FAM-ily  

Financial and Actuarial Mathematics  
TU Wien, Austria  

 

Christian Doppler Gesellschaft PRisMa 2011

One-Day Workshop on Portfolio Risk Management

organised by

PRisMa Lab

Location: Vienna University of Technology
Lecture Hall: Hörsaal 6 (Karlsplatz 13, Main Building, ground floor)

Time: Friday, October 14th, 2011, 9.30 - 18.30

Program:

9.30-9.40

Prof. Dr. Uwe Schmock
(FAM @ TU Wien)
Welcome

9.40-10.20 

Dr. Stefan Gerhold
(FAM @ TU Wien)

Transaction Costs, Trading Volume, and the Liquidity Premium
Abstract: In a market with one safe and one risky asset, an investor with a long horizon and constant relative risk aversion trades with constant investment opportunities and proportional transaction costs. We derive the optimal investment policy, its welfare, and the resulting trading volume, explicitly as functions of the market and preference parameters, and of the implied liquidity premium, which is identified as the solution of a scalar equation. For small transaction costs, all these quantities admit asymptotic expansions of arbitrary order. The results exploit the equivalence of the transaction cost market to another frictionless market, with a shadow risky asset, in which investment opportunities are stochastic. The shadow price is also derived explicitly. (Joint work with Paolo Guasoni, Johannes Muhle-Karbe, and Walter Schachermayer.)

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10.20-10.50

Coffee Break

 

Chairperson: Prof. Dr. Friedrich Hubalek

10.50-11.30 

Dr. Beatrice Acciaio
(University of Perugia and Vienna University)

On the Lower Arbitrage Bound of American Contingent Claims
Abstract: We prove that in a discrete-time market model the lower arbitrage bound of an American contingent claim is itself an arbitrage-free price if and only if it corresponds to the price of the claim optimally exercised under some equivalent martingale measure.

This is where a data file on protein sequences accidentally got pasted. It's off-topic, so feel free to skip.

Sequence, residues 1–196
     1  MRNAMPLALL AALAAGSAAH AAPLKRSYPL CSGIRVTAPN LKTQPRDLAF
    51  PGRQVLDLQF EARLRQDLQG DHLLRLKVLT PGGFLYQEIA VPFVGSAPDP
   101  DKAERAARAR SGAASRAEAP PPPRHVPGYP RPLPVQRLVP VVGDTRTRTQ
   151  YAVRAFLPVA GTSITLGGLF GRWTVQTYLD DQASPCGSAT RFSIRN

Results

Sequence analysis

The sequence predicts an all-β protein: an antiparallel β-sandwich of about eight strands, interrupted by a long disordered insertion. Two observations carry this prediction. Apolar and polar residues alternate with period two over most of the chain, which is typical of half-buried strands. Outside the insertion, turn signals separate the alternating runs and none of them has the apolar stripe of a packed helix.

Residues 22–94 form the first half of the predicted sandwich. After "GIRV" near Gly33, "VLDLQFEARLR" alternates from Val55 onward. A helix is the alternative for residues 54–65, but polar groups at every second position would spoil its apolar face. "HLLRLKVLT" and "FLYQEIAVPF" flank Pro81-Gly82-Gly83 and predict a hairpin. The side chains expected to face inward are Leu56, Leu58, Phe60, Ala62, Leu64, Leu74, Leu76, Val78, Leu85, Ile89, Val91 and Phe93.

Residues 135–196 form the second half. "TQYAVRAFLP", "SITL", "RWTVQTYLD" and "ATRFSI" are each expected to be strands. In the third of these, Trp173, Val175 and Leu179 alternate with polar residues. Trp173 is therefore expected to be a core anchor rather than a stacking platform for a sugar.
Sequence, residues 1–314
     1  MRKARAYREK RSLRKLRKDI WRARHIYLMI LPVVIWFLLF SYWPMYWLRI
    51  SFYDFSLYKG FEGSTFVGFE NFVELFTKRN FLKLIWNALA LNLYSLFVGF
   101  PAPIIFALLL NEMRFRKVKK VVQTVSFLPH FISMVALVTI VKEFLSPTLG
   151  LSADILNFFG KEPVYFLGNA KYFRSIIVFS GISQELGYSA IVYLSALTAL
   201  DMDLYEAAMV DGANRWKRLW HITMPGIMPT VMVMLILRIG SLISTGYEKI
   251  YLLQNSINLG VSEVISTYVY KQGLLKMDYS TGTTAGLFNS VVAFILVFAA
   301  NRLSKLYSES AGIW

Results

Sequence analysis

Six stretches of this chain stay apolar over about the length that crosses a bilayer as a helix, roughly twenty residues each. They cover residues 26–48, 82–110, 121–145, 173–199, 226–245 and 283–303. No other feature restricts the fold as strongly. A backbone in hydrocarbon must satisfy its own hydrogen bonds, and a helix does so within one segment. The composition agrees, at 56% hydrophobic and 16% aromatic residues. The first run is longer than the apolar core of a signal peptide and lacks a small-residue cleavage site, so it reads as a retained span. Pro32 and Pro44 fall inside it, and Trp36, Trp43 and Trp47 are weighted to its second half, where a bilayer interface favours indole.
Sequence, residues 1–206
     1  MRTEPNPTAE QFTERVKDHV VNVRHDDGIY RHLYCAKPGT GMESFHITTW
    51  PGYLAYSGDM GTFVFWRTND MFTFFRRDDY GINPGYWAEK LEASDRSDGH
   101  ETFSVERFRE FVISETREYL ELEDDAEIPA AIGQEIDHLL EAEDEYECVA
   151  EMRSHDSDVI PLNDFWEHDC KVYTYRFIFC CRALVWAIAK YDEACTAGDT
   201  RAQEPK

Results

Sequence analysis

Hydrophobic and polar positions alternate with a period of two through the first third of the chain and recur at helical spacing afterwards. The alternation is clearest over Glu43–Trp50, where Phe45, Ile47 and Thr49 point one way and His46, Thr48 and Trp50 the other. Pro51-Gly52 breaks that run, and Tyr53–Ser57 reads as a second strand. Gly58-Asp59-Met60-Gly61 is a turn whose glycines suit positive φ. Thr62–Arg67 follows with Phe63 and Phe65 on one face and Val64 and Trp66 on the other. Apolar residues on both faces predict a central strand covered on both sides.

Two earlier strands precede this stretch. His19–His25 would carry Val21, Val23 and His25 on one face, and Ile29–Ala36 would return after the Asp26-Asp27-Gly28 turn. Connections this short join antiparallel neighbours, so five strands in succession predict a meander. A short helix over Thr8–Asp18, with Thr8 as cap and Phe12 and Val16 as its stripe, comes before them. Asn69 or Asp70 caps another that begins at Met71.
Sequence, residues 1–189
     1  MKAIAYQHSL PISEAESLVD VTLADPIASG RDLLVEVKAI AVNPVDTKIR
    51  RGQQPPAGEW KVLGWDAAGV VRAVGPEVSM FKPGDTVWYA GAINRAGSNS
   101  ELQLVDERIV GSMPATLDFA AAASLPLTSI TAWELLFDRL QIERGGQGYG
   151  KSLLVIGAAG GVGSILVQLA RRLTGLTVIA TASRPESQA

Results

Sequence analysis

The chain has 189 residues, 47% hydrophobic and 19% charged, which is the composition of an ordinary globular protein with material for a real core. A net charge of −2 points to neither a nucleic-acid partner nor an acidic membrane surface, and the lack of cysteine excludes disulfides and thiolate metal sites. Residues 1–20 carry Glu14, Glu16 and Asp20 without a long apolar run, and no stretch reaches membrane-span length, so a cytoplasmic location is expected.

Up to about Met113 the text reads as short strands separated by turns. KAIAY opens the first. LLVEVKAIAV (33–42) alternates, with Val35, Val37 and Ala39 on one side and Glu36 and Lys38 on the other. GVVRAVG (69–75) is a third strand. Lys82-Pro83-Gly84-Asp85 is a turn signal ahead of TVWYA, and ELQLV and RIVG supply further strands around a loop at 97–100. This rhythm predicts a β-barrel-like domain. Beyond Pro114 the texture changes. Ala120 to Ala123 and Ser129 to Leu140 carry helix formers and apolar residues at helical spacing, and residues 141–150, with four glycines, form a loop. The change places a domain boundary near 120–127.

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11.30-12.00 

Dipl.-Math. Tilmann Blümmel
(FAM @ TU Wien)

Brownian Moving Averages and Applications Towards Interest Rate Modelling
Abstract: Classical interest rate models driven by Brownian motion differ from observed interest rates for several reasons; in particular these models lack to simulate "long memory" properties of the increments, which can be observed in financial data [cf. Cont (1997)] and exhibit a different scaling behaviour. Several authors propagate scaling according to a power law, which is realized by fractional Brownian motion. First investigations of financial data provided by Bank Austria showed, that the scaling behaviour of interest rates is even more complex. Moreover it is well known that fractional Brownian motion is not a semimartingale therefore it allows for arbitrage [cf. Cheridito (2001), Rogers (1997)]. We present a flexible class of Brownian moving averages (BMA) in continuous time, studied by Cherny (2001), Basse (2008), and others, that are semimartingales, and thus ensure the absence of arbitrage and exihibt a wide range of different scaling behaviours. We also sketch our work in progress, a Vasicek-type interest rate model driven by a BMA-semimartingale. (Joint work with Friedrich Hubalek.)

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12.00-14.00

Lunch Break

 

Chairperson: Prof. Dr. Peter Grandits

14.00-14.40 

Dr. Julia Eisenberg
(FAM @ TU Wien)

Optimal Control of Capital Injections by Reinsurance With and Without Regime Switching
Abstract: We consider an insurance company, where the claims are reinsured by some reinsurance. Concerning the surplus of the insurance company two different cases are studied. In the first case the surplus process is supposed to follow a diffusion; in the second case we let the drift and the volatility of the diffusion-surplus depend on an observable continuous-time Markov chain. This Markov chain represents regime switching - the macroeconomic changes impacting the parameters of our model. Our objective is to minimize the value of expected discounted capital injections, which are necessary to keep the risk process above zero. Thus, we goal to find the value function defined as the infimum of expected discounted capital injections over all reinsurance strategies; and to derive the optimal strategy leading to the value function. Whereas in the case of a "simple" diffusion the value function is an exponential function, things are different in the case of regime switching. A general form explicit solution could not be given. However, we illustrate how the value function can be calculated by a simple example with a two states Markov chain.